Basics to he Enrollment of Original Medicare
Statement of Understanding
The Statement of Understanding (SOU) is part of each type of enrollment mechanism, whether paper or electronic. When the consumer signs the enrollment request form/application, they are acknowledging their understanding of the following:
- The requirement to keep Medicare plans – Parts and Part B.
- Agrees to follow the Plan’s rules.
- Consents to the disclosure and exchange of information for the operation of the MA program.
- A member can only be enrolled in one Medicare health plan and enrollment into a MA plan will automatically disenroll him/her from any other Medicare health plan and prescription drug plan.
- The right to appeal service and payment denials made by the Plan.
Processing the Medicare Enrollment Request
A Medicare consumer is generally the only individual who may execute a valid enrollment or disenrollment request. However, a Power of Attorney (POA) or authorized legal representative may execute the request on the consumer’s behalf.
Non-discrimination Medigap Requirements
Plan sponsors may not discriminate based on race, ethnicity, religion, gender, sexual orientation, disability, health status, or geographic location within the service area.
Every company or agent that works with or is contracted with Medicare (see this infographic on Medicare to understand how it works) must obey the law. Consumers or members may not be treated differently because of their race, color, national origin, disability, age, religion, or sex.
All items and services of an agent must be available to all eligible consumers in the service area with the following exception:
- Certain products and services may be made available to consumers with certain diagnosis.
- Enrollment in the low income subsidy (LIS), as they may be additional eligibility standards.
Agents may not state or otherwise imply that plans are available to only ‘seniors’ but rather to all Medicare eligible consumers.
Examples of agent discriminatory practices include:
- Agents who target marketing to consumers from higher income areas.
- Agents stating or otherwise implying that plans are available only to seniors rather than to all Medicare eligible consumers.
Note: Only organizations offering Special Needs Plans may limit enrollment to dual-eligible consumers, institutionalized consumers, or consumers with severe or disabling chronic conditions and/or may target items and services to corresponding categories of consumers.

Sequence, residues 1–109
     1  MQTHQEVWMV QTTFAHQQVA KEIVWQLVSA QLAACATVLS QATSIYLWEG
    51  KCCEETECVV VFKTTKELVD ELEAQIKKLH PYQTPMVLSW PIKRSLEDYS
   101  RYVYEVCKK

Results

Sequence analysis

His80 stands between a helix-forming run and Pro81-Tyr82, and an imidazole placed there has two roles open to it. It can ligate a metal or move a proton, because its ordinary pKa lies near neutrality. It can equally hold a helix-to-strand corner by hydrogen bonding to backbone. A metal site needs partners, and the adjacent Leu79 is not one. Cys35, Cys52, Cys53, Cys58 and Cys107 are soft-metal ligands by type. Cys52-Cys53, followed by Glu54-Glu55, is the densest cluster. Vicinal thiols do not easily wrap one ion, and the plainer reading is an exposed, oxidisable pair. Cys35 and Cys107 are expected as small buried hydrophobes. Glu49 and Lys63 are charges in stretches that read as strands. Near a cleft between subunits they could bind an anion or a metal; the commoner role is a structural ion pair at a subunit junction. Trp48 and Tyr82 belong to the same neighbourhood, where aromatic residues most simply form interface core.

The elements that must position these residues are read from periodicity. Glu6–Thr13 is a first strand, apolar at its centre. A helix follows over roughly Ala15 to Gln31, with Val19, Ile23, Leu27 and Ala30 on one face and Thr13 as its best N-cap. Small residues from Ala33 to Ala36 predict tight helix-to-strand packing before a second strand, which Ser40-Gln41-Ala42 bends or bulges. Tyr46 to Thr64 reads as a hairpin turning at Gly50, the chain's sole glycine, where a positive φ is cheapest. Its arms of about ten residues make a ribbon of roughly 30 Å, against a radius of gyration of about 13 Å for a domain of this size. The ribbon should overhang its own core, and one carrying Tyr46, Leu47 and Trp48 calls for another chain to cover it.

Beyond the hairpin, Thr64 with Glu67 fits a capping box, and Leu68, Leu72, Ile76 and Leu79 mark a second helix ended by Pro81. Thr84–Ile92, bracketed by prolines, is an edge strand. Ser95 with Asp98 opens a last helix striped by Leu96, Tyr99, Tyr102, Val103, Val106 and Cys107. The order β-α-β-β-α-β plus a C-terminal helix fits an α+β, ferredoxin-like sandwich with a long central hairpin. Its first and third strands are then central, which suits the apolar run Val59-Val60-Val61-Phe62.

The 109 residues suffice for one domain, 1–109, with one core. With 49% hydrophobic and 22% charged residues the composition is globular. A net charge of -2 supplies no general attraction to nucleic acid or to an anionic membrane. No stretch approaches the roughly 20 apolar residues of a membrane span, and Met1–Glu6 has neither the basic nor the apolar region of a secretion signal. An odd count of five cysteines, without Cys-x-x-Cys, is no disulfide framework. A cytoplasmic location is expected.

No matter what type of Medicare Coverage a member has, they have certain guaranteed rights.
What is an Appeal?
An appeal is the action members may take if they disagree with a coverage or payment decision made by Medicare. Members can appeal if Medicare or the plan denies one of the following:
- A request for health care services, supply, or prescription that was denied.
- A request for payment for health care services or supplies or a prescription drug that was received and then denied.
- A request to change the amount a member pays for a prescription drug.
- If Medicare stops providing or paying for all or part of an item or service the consumer or member believes they still need.
What is a Grievance?
A type of complaint consumers and members may make about the health plan, a health plan agent or one of its network providers or pharmacies, including a complaint concerning the quality of care. This type of complaint does not involve coverage or payment disputes. All consumers and members have the right to file a grievance with the health plan.
Note: Appeals and Grievance description and process is provided to each consumer in writing within every 2011 Enrollment kit.
No matter what type of advantage plan you buy with Most Medicare a member has, they have certain guaranteed rights.
These rights are to:
- Be treated with dignity and respect at all times.
- Be protected from discrimination.
- Have access to doctors, specialists, and hospitals.
- Have questions about Medicare answered.
- Learn about all of their treatment options and participate in the treatment decision.
- Receive information in a way the member understands from Medicare, health care providers and under certain circumstances, contractors.
- Receive emergency care when and where a member may need it.
- Receive a decision about health care payment or services, or prescription coverage.
- Have the right to appeal a decision about health care payment, coverage of services or prescription drug coverage.
- File complaints (sometimes called grievances), including complaints about the quality of health care.
- Have their personal and health information kept private.